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Old September 26, 2020   #367
b54red's Avatar
Join Date: Sep 2009
Location: Alabama
Posts: 6,951

Originally Posted by atilgan View Post
Thank you for the explanation. I had cut the top to prevent it from spreading but it did not work
Once the plant is infected there isn't anything that I have tried or anything that I have heard of that slows it down or stops it. I have tried both removing plants immediately upon spotting the disease and leaving them in place until they die or wilt totally. It doesn't seem to make any difference in whether or not I got more infections on clean plants even the ones right next to each other. It must not spread very easily other than through the thrips that infect the plants initially and there doesn't seem to be any way to stop them from doing so when they show up. TSWV cases seem to come in waves at different times with usually the heaviest infestation early in the season and with lighter cases popping up from time to time over the whole season but that could just be my experience with the disease and it also could be my location.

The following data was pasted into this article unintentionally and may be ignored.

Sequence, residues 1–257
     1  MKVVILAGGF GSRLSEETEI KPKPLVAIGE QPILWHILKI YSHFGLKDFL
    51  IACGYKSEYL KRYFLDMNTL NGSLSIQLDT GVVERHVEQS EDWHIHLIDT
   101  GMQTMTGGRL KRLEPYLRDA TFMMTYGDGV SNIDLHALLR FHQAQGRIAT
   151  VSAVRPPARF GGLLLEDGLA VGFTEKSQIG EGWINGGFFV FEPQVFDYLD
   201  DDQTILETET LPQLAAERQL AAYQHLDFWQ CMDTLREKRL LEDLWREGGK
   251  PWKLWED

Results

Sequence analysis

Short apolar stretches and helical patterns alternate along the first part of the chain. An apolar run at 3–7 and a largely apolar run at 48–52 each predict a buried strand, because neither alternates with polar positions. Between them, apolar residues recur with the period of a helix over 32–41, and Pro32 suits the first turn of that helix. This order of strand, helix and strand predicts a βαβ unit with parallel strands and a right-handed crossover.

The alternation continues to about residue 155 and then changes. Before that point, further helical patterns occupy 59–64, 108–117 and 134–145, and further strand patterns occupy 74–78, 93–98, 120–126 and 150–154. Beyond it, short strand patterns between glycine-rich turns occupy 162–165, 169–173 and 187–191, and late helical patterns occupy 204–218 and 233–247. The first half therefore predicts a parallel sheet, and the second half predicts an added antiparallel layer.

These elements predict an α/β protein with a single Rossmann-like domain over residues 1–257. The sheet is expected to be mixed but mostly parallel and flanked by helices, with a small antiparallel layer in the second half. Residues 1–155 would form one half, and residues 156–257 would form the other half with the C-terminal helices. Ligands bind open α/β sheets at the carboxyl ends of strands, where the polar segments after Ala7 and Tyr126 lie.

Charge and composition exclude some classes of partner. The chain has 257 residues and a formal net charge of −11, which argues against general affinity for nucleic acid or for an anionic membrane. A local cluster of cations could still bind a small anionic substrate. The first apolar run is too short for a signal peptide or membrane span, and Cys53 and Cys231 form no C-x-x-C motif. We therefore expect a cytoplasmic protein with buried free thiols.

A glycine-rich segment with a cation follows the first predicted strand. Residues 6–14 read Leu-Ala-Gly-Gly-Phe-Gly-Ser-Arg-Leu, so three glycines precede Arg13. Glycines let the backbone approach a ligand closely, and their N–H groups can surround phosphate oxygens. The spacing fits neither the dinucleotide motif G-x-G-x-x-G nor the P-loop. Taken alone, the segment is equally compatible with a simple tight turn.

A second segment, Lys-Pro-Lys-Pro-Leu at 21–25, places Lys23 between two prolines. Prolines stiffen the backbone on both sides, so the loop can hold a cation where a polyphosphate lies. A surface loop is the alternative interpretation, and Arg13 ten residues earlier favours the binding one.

The only effective thing I have found that has so far assured me of a productive season despite the ravages of TSWV is to plant far more tomatoes and peppers than I need and just remove the sick ones when it strikes. It can leave some very gappy rows at times of heavy or frequent infections of TSWV and at other times I end up with way more tomatoes than we can deal with in seasons where TSWV is not as pervasive as usual down here.

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